According to the Bible, Lucifer was God’s favorite among the angels until he decided to rebel against the despotic nature of God’s governance. God punished Lucifer and his band of rebels and threw them out of Heaven. They fell into the depths of Hell. The pristine beauty of Lucifer, which was synonymous with the brightness of light, gets transformed into the frightening face of evil. In the mythical world, the monstrous descriptions of the devils help the heroes identify evil. But in real-world scenarios, identifying evil is really a hard task. More often than not, we find evil wearing the mask of good. In those situations, it becomes really tricky to differentiate good from evil. Moreover, what happens when the protector turns out to be outright evil? On which parameter do we discern that one criminal act is more devilish than the other? Honestly, there are hardly any right answers to these difficult questions.
As a child, I heard a story that preached the moral that anyone who loved flowers, music, and children was supposed to be a good person. In other words, anyone who would go out of their way to disrupt the harmony in the life of a child cannot be defined as anything else apart from being a ‘bad’ man. But what happens when a policeman who was supposed to protect that child turns out to be a ‘bad’ man? This is exactly what happened in the case of Martin Krossnes. In the Norwegian documentary series “Operation Lost Boy,” director Benjamin Langeland tells the important story of the fifteen-year-old boy Martin Krossnes, who mustered up enough courage to inform the local police in Bergen about being inappropriately approached by a much older man. Martin’s courage led to the launch of a case that unveiled an international ring of child pornography, and the case came to be known as ‘Lost Boy.’ It brought the subculture of adult Western men who were producers of child porn to the surface, and it also revealed the harmful side of the internet that armed these men with the tools that enabled them to share children’s pictures in compromised positions. This is an unfathomable act for a normal person who has stable mental health. The man Martin Krossnes had reported to the police at Bergen was a police officer from the nearby town of Odda. His name was Johan Martin Vie.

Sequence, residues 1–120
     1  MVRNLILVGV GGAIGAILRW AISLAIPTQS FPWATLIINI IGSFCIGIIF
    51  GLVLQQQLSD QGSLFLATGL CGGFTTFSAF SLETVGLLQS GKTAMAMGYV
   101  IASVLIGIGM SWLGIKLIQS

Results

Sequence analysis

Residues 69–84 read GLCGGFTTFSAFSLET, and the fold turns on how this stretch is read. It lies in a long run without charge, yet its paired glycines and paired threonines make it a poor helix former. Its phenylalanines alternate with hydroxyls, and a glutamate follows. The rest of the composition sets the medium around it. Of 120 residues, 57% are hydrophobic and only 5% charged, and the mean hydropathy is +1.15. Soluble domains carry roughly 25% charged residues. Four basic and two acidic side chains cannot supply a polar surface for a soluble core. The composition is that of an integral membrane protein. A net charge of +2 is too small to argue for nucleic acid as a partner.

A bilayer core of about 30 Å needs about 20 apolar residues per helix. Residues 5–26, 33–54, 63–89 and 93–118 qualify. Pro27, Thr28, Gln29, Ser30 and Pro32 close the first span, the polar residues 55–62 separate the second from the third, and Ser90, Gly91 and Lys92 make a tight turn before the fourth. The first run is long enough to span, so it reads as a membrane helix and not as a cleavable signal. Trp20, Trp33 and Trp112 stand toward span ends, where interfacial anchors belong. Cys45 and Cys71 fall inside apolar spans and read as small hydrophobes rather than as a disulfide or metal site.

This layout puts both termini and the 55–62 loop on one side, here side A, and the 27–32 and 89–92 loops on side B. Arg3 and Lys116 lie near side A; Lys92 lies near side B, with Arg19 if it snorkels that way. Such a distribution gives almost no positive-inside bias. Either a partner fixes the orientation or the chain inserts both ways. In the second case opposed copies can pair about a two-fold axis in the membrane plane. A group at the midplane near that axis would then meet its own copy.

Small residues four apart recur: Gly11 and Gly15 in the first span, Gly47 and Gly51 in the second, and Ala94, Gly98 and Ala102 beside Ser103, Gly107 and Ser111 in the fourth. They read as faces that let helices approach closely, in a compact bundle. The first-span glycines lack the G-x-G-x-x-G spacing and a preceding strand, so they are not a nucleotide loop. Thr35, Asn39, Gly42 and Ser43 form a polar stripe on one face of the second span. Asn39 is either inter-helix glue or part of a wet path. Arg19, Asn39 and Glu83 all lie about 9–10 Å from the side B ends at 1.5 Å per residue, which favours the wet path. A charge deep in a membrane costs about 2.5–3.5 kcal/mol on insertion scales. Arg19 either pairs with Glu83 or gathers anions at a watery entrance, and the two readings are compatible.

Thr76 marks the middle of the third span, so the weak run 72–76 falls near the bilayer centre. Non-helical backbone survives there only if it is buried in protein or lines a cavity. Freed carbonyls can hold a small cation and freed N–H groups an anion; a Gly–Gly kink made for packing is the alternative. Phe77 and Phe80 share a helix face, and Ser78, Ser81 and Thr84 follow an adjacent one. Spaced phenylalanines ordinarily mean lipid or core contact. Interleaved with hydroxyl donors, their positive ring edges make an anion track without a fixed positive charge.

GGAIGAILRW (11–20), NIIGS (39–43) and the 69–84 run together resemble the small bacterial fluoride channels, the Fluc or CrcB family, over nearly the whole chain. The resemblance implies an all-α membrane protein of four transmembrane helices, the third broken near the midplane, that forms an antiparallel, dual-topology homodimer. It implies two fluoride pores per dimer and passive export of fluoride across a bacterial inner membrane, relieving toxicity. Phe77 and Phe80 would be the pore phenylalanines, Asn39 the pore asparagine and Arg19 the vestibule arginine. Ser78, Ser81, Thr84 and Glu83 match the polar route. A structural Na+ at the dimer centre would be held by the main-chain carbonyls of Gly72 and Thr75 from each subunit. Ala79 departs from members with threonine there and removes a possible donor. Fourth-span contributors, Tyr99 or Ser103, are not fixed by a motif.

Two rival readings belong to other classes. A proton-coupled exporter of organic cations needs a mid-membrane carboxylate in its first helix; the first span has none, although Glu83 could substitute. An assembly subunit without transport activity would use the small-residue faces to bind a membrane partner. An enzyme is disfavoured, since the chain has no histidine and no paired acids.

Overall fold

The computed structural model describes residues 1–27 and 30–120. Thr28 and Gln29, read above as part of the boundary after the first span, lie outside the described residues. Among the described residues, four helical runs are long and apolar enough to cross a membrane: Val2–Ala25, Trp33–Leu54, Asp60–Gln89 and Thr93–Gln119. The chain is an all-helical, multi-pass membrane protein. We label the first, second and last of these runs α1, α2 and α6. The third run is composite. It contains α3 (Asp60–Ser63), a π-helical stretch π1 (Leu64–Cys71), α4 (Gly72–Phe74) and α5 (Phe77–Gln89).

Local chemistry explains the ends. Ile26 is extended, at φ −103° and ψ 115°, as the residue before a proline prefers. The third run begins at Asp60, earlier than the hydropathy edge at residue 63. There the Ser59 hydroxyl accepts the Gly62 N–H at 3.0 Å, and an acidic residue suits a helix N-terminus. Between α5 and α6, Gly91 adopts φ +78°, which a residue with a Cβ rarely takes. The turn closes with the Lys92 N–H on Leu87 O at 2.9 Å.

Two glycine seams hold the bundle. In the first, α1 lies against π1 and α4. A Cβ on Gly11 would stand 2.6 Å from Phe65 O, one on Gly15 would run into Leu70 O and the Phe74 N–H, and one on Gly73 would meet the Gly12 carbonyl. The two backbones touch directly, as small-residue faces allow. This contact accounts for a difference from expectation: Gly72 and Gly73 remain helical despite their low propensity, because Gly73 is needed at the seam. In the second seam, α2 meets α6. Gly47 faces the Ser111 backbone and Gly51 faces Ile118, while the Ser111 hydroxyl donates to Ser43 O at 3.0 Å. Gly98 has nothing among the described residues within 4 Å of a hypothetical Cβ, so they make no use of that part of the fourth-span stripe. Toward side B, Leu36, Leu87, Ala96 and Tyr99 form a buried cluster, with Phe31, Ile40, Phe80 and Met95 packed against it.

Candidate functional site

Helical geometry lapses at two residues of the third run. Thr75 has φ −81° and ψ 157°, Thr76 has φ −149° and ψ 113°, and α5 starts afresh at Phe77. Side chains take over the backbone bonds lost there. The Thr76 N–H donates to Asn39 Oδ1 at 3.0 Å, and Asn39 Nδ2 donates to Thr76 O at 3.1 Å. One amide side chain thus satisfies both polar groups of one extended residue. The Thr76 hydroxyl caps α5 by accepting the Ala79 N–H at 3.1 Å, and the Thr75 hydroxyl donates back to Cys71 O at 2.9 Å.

In the first episode of the docuseries “Operation Lost Boy,” we learn that it was on a Saturday afternoon in 2006 when Martin Krossnes met and began chatting with a man. Since this man was interested in Martin’s political views, Martin agreed to meet him in the town’s central square in Bergen. On their first encounter, Krossnes realizes that this well-built man is well beyond his age. Martin gets further alarmed when this man asks him to accompany him to a nearby hotel where he has been throwing up. This time Martin finds an excuse and calls the police from the nearby kiosk. Two on-duty patrolmen respond to Martin’s calls, and they locate a man named Johan Martin Vie, who is a colleague from the Odda police department. When they approached Vie, he responded very casually, admitting that when Martin began chatting on the internet, he thought that Martin Krossnes was someone older.